One of my goals for 2017 is to read all of In Search of Lost Time (or, A Remembrance of Things Past) by Marcel Proust.
For those of you who haven’t heard of Proust, he’s somewhat esoteric. But within literary circles, he’s a hero. I was startled, after learning how revered he is, to learn that his work is only in a handful of libraries in my system, and Barnes and Noble doesn’t carry him. Great but almost unknown. It sounded promising.
In Search of Lost Time is a 3,300 page novel “about nothing.” There is no plot to speak of, just the rambling of an author recalling his past life experiences and creating stories out of things he heard.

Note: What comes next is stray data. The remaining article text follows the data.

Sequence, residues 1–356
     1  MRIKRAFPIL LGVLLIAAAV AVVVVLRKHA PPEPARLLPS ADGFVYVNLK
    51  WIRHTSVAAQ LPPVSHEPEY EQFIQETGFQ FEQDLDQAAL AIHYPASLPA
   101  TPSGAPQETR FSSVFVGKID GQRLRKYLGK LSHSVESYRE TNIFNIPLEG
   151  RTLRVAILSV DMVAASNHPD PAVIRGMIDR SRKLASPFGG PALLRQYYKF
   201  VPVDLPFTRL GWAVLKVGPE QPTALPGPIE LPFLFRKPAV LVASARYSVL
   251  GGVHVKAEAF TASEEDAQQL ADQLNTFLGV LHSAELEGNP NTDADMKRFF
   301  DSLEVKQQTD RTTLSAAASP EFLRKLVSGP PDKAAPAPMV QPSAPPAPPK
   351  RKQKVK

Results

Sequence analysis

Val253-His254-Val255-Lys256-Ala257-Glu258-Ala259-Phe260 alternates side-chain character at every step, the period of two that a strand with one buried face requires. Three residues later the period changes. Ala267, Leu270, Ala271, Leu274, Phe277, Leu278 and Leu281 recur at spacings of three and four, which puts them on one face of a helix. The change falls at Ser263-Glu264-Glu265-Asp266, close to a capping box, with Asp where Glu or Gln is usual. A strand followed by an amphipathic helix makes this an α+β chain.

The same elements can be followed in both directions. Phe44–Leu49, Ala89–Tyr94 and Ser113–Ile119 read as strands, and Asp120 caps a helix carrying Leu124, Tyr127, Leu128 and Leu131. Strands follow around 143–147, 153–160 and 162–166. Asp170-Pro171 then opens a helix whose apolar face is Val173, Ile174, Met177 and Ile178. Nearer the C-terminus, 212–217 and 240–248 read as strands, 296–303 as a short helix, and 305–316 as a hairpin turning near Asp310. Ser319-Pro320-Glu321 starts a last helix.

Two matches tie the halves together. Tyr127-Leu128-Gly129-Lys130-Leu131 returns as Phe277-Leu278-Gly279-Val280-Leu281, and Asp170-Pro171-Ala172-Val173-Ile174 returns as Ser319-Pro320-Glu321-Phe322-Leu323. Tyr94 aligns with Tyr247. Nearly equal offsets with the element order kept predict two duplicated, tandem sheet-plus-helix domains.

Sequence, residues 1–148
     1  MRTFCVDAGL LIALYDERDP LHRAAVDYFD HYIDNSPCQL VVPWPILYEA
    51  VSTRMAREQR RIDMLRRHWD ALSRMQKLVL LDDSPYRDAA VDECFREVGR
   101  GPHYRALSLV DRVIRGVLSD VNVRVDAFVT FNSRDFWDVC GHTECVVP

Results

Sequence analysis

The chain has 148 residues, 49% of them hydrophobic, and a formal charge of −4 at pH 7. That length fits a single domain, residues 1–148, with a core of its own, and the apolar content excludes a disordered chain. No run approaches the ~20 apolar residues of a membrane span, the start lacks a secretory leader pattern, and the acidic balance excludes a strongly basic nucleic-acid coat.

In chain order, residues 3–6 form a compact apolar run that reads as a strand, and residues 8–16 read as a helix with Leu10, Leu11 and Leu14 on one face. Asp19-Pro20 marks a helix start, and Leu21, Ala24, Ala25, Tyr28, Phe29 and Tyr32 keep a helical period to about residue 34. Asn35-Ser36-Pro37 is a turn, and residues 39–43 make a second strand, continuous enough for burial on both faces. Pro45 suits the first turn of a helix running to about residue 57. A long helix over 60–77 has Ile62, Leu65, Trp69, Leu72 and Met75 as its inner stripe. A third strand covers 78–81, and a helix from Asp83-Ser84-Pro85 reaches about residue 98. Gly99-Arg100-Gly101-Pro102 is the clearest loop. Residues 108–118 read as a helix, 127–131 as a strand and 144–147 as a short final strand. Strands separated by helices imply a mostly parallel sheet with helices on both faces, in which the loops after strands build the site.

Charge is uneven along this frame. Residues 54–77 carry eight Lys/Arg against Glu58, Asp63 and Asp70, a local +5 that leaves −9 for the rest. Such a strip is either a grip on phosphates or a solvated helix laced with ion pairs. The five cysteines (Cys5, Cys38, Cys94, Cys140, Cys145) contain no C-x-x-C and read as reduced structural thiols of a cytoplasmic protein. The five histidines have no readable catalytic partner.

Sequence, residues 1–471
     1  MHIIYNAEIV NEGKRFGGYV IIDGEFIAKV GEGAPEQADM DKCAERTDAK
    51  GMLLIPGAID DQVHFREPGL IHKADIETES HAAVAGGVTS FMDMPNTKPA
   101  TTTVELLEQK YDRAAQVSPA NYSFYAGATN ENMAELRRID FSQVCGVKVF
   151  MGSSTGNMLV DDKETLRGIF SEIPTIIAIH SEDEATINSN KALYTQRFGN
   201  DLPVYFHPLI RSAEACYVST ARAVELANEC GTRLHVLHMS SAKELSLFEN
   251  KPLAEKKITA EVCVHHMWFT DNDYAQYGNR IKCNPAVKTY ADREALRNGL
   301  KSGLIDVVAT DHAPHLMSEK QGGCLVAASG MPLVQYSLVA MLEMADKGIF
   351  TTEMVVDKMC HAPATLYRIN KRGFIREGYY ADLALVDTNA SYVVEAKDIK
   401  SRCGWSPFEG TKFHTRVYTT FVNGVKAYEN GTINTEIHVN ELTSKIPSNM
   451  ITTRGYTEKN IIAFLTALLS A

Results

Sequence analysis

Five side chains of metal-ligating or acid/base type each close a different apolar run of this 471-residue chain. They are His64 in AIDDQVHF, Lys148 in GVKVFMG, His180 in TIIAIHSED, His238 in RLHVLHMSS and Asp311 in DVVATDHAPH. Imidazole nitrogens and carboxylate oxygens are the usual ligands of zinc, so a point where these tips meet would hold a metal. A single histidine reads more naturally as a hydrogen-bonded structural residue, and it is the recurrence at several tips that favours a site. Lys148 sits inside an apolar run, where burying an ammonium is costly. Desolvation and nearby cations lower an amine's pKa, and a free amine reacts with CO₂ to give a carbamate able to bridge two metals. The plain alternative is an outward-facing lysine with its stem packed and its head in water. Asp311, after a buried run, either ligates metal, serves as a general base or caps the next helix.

From the first page, I was enthralled. From the description above, the novel sounds like agony: like being stuck for a year with a professor who won’t stop veering off topic to talk about himself. All long books, all classics, despite being rife with essays, are about something… but this is not. But Proust is not boring. Not to me. From the first description of not being able to sleep, his power of language, the way he sucked me into something so mundane and gave me goosebumps, held me. Either he captured the universal experience or he and I see the world on much the same plane, because I could feel my heart murmuring with every page, This man understands what it’s like to be alive. He notices. See, he notices, too.
I’ve found that it’s cathartic. Not being about anything, I’m able to process my own emotions instead of wading through someone else’s. I can see the lilies, feel my heart throb with the emotion once captured in a cup of tea, but I can walk through his world at my leisure and release my own emotions as I watch.
I am deeply enjoying the meander through humanity that is Proust’s In Search of Lost Time.